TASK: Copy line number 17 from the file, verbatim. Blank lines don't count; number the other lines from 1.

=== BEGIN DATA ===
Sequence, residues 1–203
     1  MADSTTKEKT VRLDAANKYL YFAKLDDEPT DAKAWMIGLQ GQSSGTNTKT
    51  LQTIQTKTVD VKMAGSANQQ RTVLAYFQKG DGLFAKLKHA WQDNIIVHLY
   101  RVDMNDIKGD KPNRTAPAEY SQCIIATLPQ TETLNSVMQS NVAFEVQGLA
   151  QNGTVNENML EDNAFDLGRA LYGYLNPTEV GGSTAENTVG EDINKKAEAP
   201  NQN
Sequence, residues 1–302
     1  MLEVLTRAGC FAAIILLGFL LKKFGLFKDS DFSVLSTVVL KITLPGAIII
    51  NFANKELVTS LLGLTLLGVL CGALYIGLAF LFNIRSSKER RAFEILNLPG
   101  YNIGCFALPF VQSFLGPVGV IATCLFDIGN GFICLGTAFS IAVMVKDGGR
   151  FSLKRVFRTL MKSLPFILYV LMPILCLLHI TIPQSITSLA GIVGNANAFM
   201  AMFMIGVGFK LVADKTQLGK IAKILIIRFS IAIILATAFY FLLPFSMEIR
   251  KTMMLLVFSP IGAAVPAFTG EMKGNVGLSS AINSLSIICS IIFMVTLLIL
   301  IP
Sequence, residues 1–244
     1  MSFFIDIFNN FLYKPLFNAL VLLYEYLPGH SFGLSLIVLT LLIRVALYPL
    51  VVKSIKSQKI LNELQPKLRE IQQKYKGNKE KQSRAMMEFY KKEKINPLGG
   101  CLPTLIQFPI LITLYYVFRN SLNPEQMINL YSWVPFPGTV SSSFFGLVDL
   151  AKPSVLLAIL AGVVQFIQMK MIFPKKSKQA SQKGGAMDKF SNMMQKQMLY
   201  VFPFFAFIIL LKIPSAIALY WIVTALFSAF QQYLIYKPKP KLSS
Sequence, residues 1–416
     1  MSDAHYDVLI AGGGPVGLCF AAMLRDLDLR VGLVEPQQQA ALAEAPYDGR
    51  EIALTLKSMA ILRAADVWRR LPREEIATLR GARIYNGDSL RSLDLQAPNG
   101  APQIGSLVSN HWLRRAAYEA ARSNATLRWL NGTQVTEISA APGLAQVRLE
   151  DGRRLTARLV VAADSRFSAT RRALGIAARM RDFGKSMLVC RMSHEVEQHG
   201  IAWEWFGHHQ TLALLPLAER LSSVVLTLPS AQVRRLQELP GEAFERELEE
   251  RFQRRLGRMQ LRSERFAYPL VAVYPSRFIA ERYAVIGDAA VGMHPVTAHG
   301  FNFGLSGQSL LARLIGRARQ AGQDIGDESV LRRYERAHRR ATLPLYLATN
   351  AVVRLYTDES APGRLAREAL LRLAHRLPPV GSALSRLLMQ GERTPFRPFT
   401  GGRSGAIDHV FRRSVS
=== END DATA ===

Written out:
    51  VVKSIKSQKI LNELQPKLRE IQQKYKGNKE KQSRAMMEFY KKEKINPLGG